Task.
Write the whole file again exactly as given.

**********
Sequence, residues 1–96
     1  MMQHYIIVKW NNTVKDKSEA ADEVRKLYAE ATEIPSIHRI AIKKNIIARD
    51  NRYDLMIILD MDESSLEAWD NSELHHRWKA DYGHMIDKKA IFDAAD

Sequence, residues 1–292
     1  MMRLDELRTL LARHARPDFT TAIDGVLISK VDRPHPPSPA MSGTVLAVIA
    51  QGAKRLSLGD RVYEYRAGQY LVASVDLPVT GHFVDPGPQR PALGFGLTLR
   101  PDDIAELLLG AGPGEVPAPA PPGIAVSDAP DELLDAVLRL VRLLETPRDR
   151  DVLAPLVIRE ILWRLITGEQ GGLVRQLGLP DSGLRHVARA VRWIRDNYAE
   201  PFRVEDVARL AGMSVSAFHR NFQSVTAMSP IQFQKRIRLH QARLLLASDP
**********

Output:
Sequence, residues 1–96
     1  MMQHYIIVKW NNTVKDKSEA ADEVRKLYAE ATEIPSIHRI AIKKNIIARD
    51  NRYDLMIILD MDESSLEAWD NSELHHRWKA DYGHMIDKKA IFDAAD

Sequence, residues 1–292
     1  MMRLDELRTL LARHARPDFT TAIDGVLISK VDRPHPPSPA MSGTVLAVIA
    51  QGAKRLSLGD RVYEYRAGQY LVASVDLPVT GHFVDPGPQR PALGFGLTLR
   101  PDDIAELLLG AGPGEVPAPA PPGIAVSDAP DELLDAVLRL VRLLETPRDR
   151  DVLAPLVIRE ILWRLITGEQ GGLVRQLGLP DSGLRHVARA VRWIRDNYAE
   201  PFRVEDVARL AGMSVSAFHR NFQSVTAMSP IQFQKRIRLH QARLLLASDP